Geno 2.0 for men gives you a much more detailed haplogroup.  Remember the haplogroups are alternating letters and numbers such as R1b or I2b (both in our project).  Well, those lines of letters and numbers have gotten rather large so the genetic community is using the first letter and then the name of the last SNP (called terminal SNP) for which you test positive.  Through this test we get haplogroups more close in time to our genealogy.  At some point National Genographic is predicting that we could have haplogroups within 1,000 to 2,000 years of our genealogy paper trail and start degisnating smaller areas where our haplogroup is concentrated (i.e, Germany rather than Western Europe)  Granted, that is still a bit far out, but this test can still help us greatly.

At $199 a test, most of you may not be willing to test; however, not all of you have to.

Here’s the beauty of it….

If a group matches closely and one person tests Geno 2.0, then the rest (or whomever wishes) only needs to spend $29 to get the terminal SNP checked.  That is the cost of one SNP test.  If the person tests positive for that SNP then you know that you match the same haplogroup of the person who paid $199.  Matching to the terminal SNP gives you assurance that you do match people in the group.

WHY would I say that?  Don’t we already match?

Well, yes, but….

There is such a thing called CONVERGENCE.  This mean by accident (given the sheer numbers of people) the marker results that you already have could have by coincidence resulted in the same set of numbers (see that list of numbers for any tester in the project) as others.  A SNP test makes it 100%.

I don’t say this to scare you.  It is an odd situation that does occur.

However, another nice thing coming from all this is the groups that seem to be all over the place.  Group 04 and 6, for example.  There’s more than the average mutations here and if someone would do the Geno 2.0 test and the rest would get the Terminal SNP done, you could be very assured that all who match on the terminal SNP are related to a common ancestor.  Again, it won’t tell us who that ancestor is or when and where he lived.  BUT, over time when we keep finding more and more SNPs we could discover that some of the testers in a group match each other by testing positive for a certain SNP where the others don’t.  SNPs can mutate (change) at any time, just like our other markers.

Back to today and why I’m writing:

XXXXX’s test.  He’s in Group 02, so no one in Group 02 needs to take the Geno 2.0 test, but of course you could if you wish.  BUT, if you want to be sure your terminal SNP is the same as Burneys, you need to order a SNP test, but not yet.

XXXXX has tested positive for all these SNPs in Haplogroup I

Z77+ Z186+ Z161+ V9+ V205+ V189+ V186+ P223+ P222+ P221+ P220+ P219+ P217+ P216+ P215+ P214+ P19+ P187+ P166+ P160+ P159+ P158+ P151+ P148+ P146+ P145+ P141+ P14+ P138+ P136+ P135+ P130+ P127+ P126+ P124+ P123+ M94+ M89+ M42+ M294+ M223+ M168+ M139+ L800+ L68+ L59+ L578+ L566+ L498+ L470+ L468+ L460+ L41+ L403+ L37+ L350+ L35+ L34+ L16+ L15+ L132+ CTS9183+ CTS616+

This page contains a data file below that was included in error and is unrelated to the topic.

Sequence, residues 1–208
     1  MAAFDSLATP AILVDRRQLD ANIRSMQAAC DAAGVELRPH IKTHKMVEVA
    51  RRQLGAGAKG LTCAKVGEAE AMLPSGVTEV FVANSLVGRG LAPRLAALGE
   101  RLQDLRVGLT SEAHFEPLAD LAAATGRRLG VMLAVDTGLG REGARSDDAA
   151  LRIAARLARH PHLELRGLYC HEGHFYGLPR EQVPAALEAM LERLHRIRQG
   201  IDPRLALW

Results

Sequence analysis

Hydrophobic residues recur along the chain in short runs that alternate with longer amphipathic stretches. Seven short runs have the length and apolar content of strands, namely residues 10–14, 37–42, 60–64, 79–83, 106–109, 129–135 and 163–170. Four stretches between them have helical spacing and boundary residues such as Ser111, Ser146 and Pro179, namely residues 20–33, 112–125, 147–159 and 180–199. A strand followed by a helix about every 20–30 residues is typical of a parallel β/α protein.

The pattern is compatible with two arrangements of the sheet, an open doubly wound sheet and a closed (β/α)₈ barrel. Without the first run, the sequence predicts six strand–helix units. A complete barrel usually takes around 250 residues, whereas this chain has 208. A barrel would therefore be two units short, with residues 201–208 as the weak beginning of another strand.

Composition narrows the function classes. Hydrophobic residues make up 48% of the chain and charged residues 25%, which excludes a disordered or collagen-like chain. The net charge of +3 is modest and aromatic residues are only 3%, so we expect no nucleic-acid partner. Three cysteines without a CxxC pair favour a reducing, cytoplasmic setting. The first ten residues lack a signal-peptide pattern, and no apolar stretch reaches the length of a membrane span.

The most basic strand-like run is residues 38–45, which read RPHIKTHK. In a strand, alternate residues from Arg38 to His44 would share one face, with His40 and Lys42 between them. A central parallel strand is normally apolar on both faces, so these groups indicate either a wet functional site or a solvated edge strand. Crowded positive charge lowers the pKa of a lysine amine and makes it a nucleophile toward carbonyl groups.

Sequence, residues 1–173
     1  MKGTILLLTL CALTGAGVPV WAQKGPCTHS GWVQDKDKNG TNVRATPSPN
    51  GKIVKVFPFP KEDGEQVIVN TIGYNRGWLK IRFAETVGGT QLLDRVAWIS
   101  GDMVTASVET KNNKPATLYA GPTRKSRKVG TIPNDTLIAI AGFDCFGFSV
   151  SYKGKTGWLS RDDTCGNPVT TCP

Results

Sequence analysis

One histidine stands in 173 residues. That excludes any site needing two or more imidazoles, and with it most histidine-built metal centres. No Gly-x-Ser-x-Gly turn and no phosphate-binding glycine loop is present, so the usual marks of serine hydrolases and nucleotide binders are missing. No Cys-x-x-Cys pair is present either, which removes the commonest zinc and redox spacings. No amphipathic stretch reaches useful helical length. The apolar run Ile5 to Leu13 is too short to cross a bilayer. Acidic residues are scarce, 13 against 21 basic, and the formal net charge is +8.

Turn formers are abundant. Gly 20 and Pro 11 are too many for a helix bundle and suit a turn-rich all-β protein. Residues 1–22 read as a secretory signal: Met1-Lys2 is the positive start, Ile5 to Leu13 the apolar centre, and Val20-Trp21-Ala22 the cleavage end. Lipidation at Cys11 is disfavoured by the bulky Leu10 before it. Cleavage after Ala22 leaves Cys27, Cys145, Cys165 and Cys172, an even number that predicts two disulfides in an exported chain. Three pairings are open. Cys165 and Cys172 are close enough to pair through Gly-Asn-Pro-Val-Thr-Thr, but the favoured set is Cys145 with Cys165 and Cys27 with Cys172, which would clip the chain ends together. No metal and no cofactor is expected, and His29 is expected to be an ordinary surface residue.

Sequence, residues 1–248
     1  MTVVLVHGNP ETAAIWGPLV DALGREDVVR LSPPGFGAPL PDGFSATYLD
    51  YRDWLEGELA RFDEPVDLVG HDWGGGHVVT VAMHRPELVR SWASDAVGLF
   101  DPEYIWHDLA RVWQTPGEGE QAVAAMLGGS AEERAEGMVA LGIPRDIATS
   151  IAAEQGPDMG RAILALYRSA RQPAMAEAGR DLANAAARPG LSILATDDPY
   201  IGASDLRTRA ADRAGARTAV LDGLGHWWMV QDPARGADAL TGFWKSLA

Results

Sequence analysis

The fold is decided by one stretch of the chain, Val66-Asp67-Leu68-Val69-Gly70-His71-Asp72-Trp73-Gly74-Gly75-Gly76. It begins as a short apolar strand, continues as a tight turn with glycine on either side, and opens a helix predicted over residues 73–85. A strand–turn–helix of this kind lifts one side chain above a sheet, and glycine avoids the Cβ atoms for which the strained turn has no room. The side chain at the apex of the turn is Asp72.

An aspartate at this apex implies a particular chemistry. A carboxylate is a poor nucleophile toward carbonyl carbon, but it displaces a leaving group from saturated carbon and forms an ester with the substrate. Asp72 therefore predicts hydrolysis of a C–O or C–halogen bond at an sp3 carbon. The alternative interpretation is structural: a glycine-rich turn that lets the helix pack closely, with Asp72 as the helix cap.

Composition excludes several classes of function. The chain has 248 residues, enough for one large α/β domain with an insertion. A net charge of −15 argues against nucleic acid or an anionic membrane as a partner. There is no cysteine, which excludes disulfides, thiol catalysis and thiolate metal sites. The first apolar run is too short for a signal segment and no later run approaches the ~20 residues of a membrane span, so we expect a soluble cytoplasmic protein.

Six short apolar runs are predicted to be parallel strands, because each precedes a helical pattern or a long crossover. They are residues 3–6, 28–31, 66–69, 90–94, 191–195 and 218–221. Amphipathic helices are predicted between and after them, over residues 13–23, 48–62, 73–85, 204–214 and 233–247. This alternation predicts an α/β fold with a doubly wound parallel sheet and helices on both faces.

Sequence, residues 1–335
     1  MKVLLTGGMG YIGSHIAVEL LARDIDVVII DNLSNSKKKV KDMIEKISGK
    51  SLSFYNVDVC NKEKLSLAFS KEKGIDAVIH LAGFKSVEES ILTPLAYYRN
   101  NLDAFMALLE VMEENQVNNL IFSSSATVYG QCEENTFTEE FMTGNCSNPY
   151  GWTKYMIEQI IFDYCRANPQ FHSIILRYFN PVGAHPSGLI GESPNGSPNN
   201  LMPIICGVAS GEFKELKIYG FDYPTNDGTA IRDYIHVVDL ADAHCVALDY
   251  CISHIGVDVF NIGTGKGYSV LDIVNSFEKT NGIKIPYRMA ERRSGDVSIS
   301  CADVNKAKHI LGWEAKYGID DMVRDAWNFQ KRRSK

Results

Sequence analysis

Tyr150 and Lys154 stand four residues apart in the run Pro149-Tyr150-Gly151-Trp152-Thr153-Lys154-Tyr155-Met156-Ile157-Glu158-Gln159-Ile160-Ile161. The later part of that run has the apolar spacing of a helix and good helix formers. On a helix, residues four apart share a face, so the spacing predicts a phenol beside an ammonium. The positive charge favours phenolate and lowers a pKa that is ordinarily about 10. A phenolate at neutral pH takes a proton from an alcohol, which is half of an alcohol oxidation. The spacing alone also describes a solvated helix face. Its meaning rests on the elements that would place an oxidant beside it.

XXXXX is an I-M223 for his Haplogroup. Notice that isn’t the first nor the last SNP.  The Y-Tree needs adjusting.

SO…I am only telling you all this to get you informed.  I do NOT want you to order a SNP test at this time. Wait until the Y-tree is updated and FTDNA prepares for testing all these SNPs for individuals.  By then there could be more twigs for this branch or any other.  I’ll let you know when.


XXXXX has tested the Geno 2.0.  Has anyone else in our group?

He now has the current terminal SNP for his Group 02, so others in Group 02 do not have to test Geno 2.0, but can if they wish.

To my knowledge no one else in other groups have done the Geno 2.0 test.  Or have you?

Do NOT order a SNP test yet to compare yourself with someone who has done the Geno 2.0 test.  It’s a bit early in the game.

ALSO, some Haplogroup Project managers could ask you to order a SNP.  This is a different situation.  They seek new SNPs and when they discover one, they ask others who are very likely to match this new SNP to test.  The reason for this is that they must have so many people with the newly found SNP in order to get the SNP on the haplogroup tree.  The SNPs I’m talking about with Geno 2.0 are already on the tree.  SO, if you don’t mind spending the $29 for the SNP test for the Haplogroup administrators request, it would help the genetic world and genetic genealogists get a new twig on the world’s tree.

Genetic Genealogy is an exciting new field that is moving very quickly.  We should all be very proud to have a part in it.

Thank you for reading all this and trying to understand.

Best wishes,
Group 01.  Emily10; Don9; Guy8; John7; Mary Ellen6; Lethe Talley5; William4; Peyton3; Abraham2; John1

If you do not hear from me in a timely manner, just write again…I was buried in email.  LOL
Northwest Regional Coordinator and Speaker for ISOGG (
Administrator for thirteen FTDNA DNA Projects

Posted in All Posts, General, Higher Level Testing